When we emerged from the Belleville Metro stop, however, we found a place that was radically different than the travel writer’s depiction. Rather than charm, we found a gritty place of worn and uninspired modern buildings. We couldn’t find the places mentioned in the article because Belleville is so off the beaten path that its streets aren’t even shown on the map we have carried around the city — and when we tried to leave the main streets to find the charm, we found desolate side streets that made me feel physically insecure for the first time on our visit to Paris. So, after having lunch at a Vietnamese bistro and then wandering around for a while among shops that offered cheap discount clothing, lots of Asian-lettered businesses, and panel trucks covered with graffiti, we retreated back to the center of the old city.
Kish and I both agreed that the visit to Belleville was interesting, because it showed that Paris is not just a fairyland of medieval churches and fountains and beautiful apartment buildings. Belleville clearly is a place where recent blue-collar immigrants to the city go to find affordable places to live. We also wondered whether it showed the challenge of the modern travel writer who must try to find something new to say about a city as oft-visited as Paris. No doubt there are nicer parts of Belleville than what we found, but we wondered whether the travel writer’s overarching quest for the new produced a bit of exaggeration. Next time, we’ll do a Google search, too, before we venture off to a new place.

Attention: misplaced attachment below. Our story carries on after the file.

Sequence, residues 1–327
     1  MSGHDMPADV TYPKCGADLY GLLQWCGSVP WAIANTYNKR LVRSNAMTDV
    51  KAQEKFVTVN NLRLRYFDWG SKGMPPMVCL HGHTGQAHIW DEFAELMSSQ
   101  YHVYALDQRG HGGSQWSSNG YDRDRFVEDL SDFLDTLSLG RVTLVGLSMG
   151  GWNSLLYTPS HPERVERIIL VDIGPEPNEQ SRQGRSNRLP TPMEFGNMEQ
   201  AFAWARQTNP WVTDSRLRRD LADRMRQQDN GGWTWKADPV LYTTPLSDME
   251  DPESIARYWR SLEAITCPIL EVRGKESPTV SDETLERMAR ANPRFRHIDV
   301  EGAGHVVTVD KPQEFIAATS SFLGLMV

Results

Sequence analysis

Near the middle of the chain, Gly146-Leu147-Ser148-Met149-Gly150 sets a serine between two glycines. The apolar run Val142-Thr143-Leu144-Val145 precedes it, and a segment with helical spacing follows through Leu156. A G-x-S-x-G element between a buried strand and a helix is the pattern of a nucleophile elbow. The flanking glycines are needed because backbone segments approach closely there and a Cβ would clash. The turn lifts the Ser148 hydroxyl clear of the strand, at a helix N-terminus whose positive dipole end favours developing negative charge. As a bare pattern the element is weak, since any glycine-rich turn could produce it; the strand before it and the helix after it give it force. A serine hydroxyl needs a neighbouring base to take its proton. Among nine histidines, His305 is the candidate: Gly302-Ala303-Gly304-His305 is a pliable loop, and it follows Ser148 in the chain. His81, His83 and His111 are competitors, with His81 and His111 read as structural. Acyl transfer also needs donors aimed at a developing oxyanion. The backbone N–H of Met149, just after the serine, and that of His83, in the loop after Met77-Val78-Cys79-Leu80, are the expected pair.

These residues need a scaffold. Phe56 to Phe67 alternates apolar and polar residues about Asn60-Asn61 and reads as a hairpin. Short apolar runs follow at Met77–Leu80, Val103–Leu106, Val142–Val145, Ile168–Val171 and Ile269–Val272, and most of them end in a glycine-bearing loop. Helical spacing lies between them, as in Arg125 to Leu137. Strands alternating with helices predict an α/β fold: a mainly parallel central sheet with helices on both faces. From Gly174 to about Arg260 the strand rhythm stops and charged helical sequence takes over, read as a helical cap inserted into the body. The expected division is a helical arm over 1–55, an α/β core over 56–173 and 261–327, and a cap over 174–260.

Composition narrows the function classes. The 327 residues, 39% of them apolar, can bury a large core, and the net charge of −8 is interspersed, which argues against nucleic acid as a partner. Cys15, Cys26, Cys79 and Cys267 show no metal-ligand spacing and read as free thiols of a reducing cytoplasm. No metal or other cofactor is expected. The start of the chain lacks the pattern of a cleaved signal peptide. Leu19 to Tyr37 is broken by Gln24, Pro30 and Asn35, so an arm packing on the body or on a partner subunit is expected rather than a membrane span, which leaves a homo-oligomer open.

On a pretty little island off the coast of Maine, you would not expect to find a graffiti-scarred, overgrown and abandoned concrete edifice — but on Peaks Island you will find Battery Steele.
It’s there because of World War II. It’s a huge, sprawling gun battery site, pointed out to the open sea, apparently to be used if German U-boats or the Nazi fleet threatened the Portland, Maine harbor. It is a massive concrete installation with a long tunnel that probably stored ammunition and other supplies. At one time it must have been powered with overhead lighting and been bustling with activity.
The war ended almost 70 years ago, and the threat of Nazi attack was fleeting. The government long ago abandoned Battery Steele. Owned by the Peaks Island Land Preserve, you find the installation by walking down a meandering path through a bog, ultimately to reach this grotesque, gray intrusion into the natural landscape.